A secretive Myanmar conglomerate with links to international businesses directly bankrolls the country's military.
Amnesty International says its investigations into show Myanmar's military has received dividends of as much as $18bn from the Yangon-based company over the years. Its entire board is made up of senior military officers. The company has sprawling interests across mining, manufacturing and banking, and works with a number of international companies from China, Japan, South Korea and Singapore. The company has sprawling interests across mining, manufacturing and banking, and works with a number of international companies from China, Japan, South Korea and Singapore. Also included are RMH Singapore, a Singaporean fund with a tobacco operation in Myanmar, and Wanbao Mining, a Chinese metal mining company. Two Myanmar companies, Ever Flow River Group Public Co Ltd (EFR), a logistics company, and Kanbawza Group (KBZ), which is involved in mining jade and rubies, were also listed.
MEHL is owned by 381,636 individual shareholders, who are all serving or retired military personnel, and 1,803 "institutional" shareholders, consisting of "regional commands, divisions, battalions, troops, war veteran associations". The total amount of dividend payments made to shareholders during the 20-year period amounted to more than 107 billion Myanmar kyat - about $18bn. MEHL transferred 95 billion kyat ($16bn) of the total to military units, including those that operated in Rakhine State, home to the Rohingya. The military units that operated in Rakhine reportedly owned more than 4.3 million MEHL shares and received payments of more than 1.25 billion kyat ($208m) in just one year between 2010 and 2011.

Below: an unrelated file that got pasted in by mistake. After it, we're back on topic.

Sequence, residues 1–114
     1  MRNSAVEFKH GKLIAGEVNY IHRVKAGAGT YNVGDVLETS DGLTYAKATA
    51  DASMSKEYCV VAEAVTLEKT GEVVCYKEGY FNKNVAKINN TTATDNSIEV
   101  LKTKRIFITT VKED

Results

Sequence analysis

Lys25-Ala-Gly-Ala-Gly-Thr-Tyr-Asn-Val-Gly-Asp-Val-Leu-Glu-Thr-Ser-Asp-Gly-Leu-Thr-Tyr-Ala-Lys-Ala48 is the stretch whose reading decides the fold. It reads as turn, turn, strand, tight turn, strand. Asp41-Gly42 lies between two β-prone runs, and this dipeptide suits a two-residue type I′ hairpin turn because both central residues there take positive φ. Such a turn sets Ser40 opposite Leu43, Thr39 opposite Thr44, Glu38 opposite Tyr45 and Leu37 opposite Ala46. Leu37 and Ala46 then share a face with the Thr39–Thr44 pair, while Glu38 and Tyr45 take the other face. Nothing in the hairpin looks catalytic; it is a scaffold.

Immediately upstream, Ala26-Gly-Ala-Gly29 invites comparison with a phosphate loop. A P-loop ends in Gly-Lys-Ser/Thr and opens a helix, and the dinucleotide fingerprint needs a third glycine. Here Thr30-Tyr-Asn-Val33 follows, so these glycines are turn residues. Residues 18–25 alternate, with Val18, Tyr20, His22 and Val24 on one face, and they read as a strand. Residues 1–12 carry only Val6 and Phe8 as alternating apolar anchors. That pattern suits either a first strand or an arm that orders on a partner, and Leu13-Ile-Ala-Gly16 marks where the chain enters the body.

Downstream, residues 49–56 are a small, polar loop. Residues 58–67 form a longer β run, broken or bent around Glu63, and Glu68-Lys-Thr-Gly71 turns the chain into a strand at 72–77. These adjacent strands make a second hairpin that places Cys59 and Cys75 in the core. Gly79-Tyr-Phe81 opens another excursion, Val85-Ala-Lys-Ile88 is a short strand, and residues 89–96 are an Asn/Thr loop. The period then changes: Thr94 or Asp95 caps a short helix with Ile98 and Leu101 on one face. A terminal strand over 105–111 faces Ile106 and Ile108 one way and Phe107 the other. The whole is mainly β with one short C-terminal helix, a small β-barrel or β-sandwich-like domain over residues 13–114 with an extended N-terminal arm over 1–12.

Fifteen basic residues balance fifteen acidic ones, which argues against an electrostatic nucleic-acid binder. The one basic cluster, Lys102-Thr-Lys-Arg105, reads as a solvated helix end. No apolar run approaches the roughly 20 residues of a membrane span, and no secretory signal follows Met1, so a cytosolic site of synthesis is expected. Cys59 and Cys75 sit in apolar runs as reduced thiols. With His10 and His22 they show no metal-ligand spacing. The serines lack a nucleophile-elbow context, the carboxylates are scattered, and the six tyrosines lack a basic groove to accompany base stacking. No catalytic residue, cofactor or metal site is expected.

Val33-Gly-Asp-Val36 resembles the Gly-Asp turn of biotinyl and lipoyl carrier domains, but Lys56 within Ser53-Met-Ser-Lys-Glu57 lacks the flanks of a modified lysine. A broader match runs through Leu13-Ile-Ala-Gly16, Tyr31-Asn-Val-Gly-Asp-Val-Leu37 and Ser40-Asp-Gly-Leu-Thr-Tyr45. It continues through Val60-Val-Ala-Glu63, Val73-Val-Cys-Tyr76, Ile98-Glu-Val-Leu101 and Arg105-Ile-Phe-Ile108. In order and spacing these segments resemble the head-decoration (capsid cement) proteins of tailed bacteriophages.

"The perpetrators of some of the worst human rights violations in Myanmar's recent history are among those who benefit from MEHL's business activities," said Mark Dummett, Amnesty's Head of Business, Security and Human Rights. "These documents provide new evidence of how the Myanmar military benefits from MEHL's vast business empire and make clear that the military and MEHL are inextricably linked."
MEHL shareholder records show the company to be fully owned and controlled by active and retired military personnel. Military units - including combat divisions assigned to Rakhine State, where conflict has deepened in recent years - own about a third of the company, Amnesty said.
Among those who directly benefit from the company is Myanmar's top military commander, General Min Aung Hlaing, Amnesty said. Between 2010 and 2011, he owned 5,000 shares and received an estimated $250,000 in payments. The general has been accused of overseeing the military campaign against the Rohingya, and the United Nations has called for his investigation and prosecution in relation to genocide and war crimes.